The Hillcrest Theatre in March 1949, the view looking north on Christie Street from south of Dupont Street. The theatre is on the right-hand side of the photo.
The Hillcrest was a small neighbourhood theatre that I never knew existed until I commenced researching the old movie houses of Toronto. The above photo was the only photograph that I was able to locate. It depicts the theatre at 285 Christie Street, on the east side of the street, a short distance south of Dupont Street. It was situated in an area that was residential as well as industrial. The railway tracks that cross over Christie Street are visible in the photo. Theatre appears to have an attractive canopy and marquee, with a sign that undoubtedly was well lit at night.
The original plans for the theatre were submitted to the city in 1922. It was a rectangular, two-storey brick building, with a concrete floor, 440 wooden seats and two aisles. A notation in the Toronto Archives states that it is thought to have been designed by W. C. Hunt and J. L. Pennock. I have been unable to confirm this information or discover anything about these architects. When it opened, it possessed no marquee and its box box office was at the street line.
The Hillcrest was renovated in November 1930 and again in January 1931. The latter renovations were by Jay English, who relocated the box office to inside the lobby, on the right-hand side. The manger’s office and washrooms were also updated at this time. Perhaps this was when the marquee and signage were added to the facade. The year 1931 was also the year when the theatre was robbed for the first time. The theatre was air-conditioned in 1937, and new seats were installed. The number of seats was reduced to 425, arranged in a pattern of six seats in the centre section and four on either side. On the second floor, above the projection booth, space was rented for a dentist’s office.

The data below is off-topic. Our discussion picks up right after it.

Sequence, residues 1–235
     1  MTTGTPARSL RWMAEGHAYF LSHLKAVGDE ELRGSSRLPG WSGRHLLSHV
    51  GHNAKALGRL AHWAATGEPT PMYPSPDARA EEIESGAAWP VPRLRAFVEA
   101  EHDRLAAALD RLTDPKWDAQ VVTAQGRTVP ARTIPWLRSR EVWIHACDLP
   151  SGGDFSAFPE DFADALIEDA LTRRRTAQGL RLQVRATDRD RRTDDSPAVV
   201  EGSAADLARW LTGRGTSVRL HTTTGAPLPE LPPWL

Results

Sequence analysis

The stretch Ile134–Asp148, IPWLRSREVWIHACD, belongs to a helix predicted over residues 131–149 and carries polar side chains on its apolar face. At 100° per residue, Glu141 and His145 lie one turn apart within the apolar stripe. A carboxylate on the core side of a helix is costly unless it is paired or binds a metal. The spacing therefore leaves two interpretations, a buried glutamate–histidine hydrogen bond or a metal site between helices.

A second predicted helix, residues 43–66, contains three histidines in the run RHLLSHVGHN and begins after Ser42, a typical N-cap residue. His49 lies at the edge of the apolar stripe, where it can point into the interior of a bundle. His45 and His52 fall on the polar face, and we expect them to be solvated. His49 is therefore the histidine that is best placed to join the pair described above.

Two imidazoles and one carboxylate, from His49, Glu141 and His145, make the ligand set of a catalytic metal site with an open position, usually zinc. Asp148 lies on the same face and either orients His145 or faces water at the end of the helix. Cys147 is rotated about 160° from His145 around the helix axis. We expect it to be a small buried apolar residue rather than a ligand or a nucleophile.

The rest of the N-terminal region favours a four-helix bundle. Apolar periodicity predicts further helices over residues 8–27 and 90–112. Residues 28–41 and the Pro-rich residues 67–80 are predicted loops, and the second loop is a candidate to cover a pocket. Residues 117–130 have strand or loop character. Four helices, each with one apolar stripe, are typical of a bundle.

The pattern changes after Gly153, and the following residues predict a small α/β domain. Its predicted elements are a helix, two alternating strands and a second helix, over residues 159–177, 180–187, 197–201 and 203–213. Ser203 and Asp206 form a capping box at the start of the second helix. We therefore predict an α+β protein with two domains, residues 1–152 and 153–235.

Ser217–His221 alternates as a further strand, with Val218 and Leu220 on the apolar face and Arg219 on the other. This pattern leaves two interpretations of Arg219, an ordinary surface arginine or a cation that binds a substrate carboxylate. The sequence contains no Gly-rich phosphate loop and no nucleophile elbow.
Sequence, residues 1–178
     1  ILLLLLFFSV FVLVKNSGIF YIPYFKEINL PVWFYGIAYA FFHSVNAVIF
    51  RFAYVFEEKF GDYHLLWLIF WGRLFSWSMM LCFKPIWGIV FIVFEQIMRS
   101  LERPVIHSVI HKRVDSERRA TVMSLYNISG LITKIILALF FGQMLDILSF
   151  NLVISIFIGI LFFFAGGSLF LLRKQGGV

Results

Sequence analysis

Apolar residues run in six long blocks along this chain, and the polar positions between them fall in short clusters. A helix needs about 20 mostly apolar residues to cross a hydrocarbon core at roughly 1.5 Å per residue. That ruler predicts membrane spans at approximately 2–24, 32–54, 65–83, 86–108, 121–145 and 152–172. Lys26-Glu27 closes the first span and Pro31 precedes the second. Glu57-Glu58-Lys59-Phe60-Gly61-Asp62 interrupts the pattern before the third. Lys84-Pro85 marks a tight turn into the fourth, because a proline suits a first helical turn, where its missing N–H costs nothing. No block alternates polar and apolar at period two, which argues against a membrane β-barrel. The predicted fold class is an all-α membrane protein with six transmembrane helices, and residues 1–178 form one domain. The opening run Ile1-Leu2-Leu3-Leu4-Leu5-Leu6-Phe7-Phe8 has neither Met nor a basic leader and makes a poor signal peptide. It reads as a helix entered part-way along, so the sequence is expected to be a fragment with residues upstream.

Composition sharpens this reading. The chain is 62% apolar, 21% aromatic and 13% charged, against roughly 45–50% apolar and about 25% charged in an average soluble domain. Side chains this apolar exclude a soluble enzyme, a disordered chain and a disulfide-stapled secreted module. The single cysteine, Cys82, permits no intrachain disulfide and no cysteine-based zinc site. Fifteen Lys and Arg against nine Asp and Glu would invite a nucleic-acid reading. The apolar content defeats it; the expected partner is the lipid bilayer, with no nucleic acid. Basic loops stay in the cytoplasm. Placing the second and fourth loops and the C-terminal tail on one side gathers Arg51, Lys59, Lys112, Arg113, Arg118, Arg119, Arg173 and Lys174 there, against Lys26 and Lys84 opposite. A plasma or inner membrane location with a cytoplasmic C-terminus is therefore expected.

On November 26, 1947 the theatre was robbed at gun point when Gilbert Roland (the Cisco Kid) was playing in the film, “Beauty and the Bandit.” The thief escaped with $27. It is hoped that the Cisco Kid was more successful in his role in the movie than the bandit was in his robbery of the Hillcrest. The cashier at the theatre said that the thief who stole the $27 was very polite. It is a wonder that he did not cuss loudly when he discovered the amount in the cashier’s drawer in the box office.
The theatre was refurbished in 1952, but like many neighbourhood theatres, it had difficulty competing with television. After the theatre closed, the building was converted to accommodate other purposes.
Christie Street in 1949, gazing north to Dupont Street.
The Hillcrest after it ceased operating as a theatre.
To view the Home Page for this blog: https://tayloronhistory.com/
To view previous blogs about other old movie houses of Toronto
To view links to Toronto’s Heritage Buildings
Recent publication entitled “Toronto’s theatres and the Golden Age of the Silver Screen,” by the author of this blog.
To place an order for this book: